Local News

  • Shelby man sentenced 10+ years for child porn

    A Shelbyville man was sentenced last week to more than 10 years in federal prison after pleading guilty on child pornography charges.
    Ronald Craig Hornback, 51, was sentenced July 27 in Frankfort by U.S. District Judge Danny Reeves to 121 months on one count of receiving child pornography.

    Hornback will also be required to register as a sex offender.

    He was arrested Feb. 26, 2010, after a 5-month investigation by the state attorney general’s Cybercrimes Unit, which identified more than 700 suspected images of child pornography on his computer.

  • Buck Creek Road in Simpsonville limited to 1 lane Tuesday night

    Buck Creek Road (KY 1848) will be reduced to one lane between Interstate 64 and U.S. 60 tonight starting at 6:30 and extending until midnight.

  • News briefs: July 29, 2011

    Shelby records one of best

    unemployment rates in June

    Shelby County recorded the state’s ninth best unemployment rate in June, one of 96 counties to show improvement from 2010.

  • Meth lab found in trunk during check

    A random traffic checkpoint set up in Southville on Wednesday night led to an unexpected arrest when state police discovered a meth lab in the trunk of a car.

    Troopers arrested Joshua Sherrard, 33, of Spencer County and Stephanie Hamilton, 38, of Nelson County and charged them with manufacturing methamphetamines, first-degree.

    Sherrard was also charged with theft of identity for giving officers a false name, Trooper Hunter Martin said.

  • State audit questions jail, judicial center

    Although officials say Shelby County’s finances are in good shape, auditors are taking issue with the way the county is keeping some of its records.

    An audit of Shelby County Fiscal Court released July 20 from the office of State Auditor Crit Luallen says there is a material weakness in its record-keeping for the judicial center that’s under construction and the Shelby County Detention Center.

    Auditors use the term material weakness to refer to a serious problem in bookkeeping that could lead to mismanagement of money.

  • Custody hearing for little boy yields no decision

    After a 9-hour court hearing Thursday, a severely handicapped boy who has been in a state-run facility for seven months still is not allowed to go home.

  • Collins to be at home on road

    The Collins varsity football team will indeed be the “Road Warriors” – as Coach Jerry Lucas recently dubbed them – for the 2011 season.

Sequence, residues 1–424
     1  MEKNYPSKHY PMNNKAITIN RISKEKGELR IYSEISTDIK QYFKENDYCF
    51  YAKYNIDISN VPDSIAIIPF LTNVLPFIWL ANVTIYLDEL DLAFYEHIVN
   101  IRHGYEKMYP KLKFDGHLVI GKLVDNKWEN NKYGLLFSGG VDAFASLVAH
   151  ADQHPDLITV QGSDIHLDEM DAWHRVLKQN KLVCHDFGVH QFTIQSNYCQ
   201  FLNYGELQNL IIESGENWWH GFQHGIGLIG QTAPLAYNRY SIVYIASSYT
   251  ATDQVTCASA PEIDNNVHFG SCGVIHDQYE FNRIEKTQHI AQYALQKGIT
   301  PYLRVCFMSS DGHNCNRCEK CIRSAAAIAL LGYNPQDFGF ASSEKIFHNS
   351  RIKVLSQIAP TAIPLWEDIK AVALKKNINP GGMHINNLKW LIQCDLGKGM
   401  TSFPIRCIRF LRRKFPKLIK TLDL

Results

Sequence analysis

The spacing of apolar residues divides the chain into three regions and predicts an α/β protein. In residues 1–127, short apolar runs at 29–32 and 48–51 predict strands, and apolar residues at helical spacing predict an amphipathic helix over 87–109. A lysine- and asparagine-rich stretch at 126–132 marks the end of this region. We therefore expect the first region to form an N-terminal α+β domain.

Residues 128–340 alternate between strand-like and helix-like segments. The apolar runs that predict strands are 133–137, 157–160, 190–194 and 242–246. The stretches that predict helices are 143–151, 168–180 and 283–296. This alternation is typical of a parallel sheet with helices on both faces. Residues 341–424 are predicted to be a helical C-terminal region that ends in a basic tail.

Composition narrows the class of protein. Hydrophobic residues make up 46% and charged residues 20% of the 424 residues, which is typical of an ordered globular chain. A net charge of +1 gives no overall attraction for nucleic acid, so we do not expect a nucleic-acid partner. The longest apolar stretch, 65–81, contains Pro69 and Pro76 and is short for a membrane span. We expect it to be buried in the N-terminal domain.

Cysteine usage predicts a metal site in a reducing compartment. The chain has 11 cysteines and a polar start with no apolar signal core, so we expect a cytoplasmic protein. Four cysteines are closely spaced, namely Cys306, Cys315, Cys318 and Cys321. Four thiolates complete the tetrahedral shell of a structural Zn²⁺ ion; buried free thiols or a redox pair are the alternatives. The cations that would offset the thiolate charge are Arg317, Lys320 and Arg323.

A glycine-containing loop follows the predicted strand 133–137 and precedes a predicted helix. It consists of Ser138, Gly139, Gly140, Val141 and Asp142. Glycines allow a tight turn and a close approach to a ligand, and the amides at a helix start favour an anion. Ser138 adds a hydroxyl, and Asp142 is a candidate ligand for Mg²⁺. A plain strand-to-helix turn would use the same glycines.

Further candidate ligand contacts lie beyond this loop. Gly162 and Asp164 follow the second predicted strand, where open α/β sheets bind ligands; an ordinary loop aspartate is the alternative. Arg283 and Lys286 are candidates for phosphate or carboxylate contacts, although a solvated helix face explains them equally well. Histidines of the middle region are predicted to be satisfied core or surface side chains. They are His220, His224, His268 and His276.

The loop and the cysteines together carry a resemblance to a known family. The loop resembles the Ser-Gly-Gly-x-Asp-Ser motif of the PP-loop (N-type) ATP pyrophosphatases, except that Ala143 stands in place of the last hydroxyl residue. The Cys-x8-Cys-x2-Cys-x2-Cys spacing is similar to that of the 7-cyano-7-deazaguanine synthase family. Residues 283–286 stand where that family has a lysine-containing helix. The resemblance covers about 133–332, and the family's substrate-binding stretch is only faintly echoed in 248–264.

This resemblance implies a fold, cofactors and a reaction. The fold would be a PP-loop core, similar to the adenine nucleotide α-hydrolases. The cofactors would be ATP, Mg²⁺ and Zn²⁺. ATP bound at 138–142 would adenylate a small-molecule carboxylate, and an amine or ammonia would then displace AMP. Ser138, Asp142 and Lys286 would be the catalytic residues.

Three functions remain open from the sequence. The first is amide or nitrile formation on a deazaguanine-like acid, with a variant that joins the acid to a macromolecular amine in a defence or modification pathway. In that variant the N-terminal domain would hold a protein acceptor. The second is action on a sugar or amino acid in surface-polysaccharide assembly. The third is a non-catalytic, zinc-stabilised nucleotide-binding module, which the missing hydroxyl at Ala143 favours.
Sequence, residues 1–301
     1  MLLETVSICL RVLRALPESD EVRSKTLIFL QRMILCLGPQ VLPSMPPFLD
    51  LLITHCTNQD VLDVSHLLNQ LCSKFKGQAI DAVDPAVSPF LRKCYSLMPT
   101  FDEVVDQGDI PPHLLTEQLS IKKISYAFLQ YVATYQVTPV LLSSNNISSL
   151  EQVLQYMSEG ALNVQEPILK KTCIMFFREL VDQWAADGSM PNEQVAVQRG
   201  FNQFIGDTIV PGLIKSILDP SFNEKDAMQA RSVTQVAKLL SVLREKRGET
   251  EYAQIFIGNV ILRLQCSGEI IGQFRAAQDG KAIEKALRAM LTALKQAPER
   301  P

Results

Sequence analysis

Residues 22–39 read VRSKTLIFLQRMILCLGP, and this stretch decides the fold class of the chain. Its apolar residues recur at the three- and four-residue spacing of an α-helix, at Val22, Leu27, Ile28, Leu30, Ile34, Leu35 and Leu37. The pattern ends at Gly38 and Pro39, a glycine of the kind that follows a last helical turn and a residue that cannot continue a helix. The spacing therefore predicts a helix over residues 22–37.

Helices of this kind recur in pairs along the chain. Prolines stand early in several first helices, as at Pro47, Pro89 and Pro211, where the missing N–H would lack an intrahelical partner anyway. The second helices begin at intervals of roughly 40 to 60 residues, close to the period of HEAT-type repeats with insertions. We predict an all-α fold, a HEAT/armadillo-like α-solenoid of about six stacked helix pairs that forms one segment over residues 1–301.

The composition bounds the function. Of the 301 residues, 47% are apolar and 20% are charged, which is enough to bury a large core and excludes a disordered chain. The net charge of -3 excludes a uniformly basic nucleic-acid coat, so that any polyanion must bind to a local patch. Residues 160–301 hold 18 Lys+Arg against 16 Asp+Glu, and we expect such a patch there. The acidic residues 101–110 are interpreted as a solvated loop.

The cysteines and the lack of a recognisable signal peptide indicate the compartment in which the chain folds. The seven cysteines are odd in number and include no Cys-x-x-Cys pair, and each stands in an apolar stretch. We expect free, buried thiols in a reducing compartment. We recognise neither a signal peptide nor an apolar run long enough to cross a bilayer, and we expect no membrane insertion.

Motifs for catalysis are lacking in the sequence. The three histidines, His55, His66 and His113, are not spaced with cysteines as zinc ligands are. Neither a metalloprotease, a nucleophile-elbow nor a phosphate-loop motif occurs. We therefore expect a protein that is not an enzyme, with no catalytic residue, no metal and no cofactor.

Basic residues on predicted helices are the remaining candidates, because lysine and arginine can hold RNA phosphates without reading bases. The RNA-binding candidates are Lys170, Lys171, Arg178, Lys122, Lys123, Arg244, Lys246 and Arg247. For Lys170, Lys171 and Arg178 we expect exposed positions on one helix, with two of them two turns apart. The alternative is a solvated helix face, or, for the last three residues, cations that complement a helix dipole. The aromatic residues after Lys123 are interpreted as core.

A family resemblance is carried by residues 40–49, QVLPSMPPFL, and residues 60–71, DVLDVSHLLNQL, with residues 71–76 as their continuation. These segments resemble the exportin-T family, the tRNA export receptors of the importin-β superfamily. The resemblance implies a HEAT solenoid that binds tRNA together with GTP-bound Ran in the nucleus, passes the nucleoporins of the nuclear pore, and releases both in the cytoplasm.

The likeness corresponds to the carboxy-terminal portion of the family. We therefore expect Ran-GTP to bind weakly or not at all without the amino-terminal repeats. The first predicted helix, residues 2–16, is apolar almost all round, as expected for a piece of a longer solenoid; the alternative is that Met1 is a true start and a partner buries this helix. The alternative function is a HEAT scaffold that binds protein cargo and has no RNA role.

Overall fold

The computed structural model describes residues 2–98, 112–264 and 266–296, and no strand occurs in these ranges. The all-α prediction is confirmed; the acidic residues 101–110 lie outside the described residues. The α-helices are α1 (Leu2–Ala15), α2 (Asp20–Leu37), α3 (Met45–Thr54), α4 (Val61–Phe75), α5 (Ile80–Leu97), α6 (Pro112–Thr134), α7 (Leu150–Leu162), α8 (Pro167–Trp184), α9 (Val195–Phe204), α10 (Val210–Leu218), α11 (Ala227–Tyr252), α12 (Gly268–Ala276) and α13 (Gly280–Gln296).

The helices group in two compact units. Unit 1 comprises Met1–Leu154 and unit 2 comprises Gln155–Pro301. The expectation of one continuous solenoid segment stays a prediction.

The road the Titans will use most, though, is U.S. 60.

    That’s because Collins will play all five of its scheduled home games this season at Shelby County High School.

    “Due to our turf issues, all home games will be played at Shelby County High School’s Robert Doyle Stadium,” Collins Athletic Director Gary Kidwell said in a release Wednesday. 

  • Summer school students can’t put down their books

    Shelby County Public Schools’ new Summer Reading Academy has moved above and beyond the district’s expectations.

    During a report to the school board report after just one week of the session, Director of Secondary School Kerry Fannin discussed how students were flying through books, and the seventh and ninth grade program was going to progress well past it’s intended point, which he said hasn’t been lost on the students or teachers either.

  • Horse show kickoff: A really big show

    A full house packed Undulata Horse Farm on Thursday morning, kicking off the Shelbyville Horse Show Jubilee with a Claudia Sanders-catered breakfast spread, some local and state “who’s who?” and a few horses displaying their prance and poise for the entertainment of the attendees.

    Undulata owner Edward “Hoppy” Bennett said he felt privileged to have the Jubilee and attendees present.

    “It’s very humbling for you all to be here today,” he said.

  • Ag report: July 29, 2011

    Courtney participates

    in ag leadership program

    J. Shane Courtney of Bagdad, a full-time farmer from Bagdad and the owner of Lawns of Perfection, LLC., participated in the Kentucky Agricultural Leadership Program, an 18-month program administered by the University of Kentucky College of Agriculture.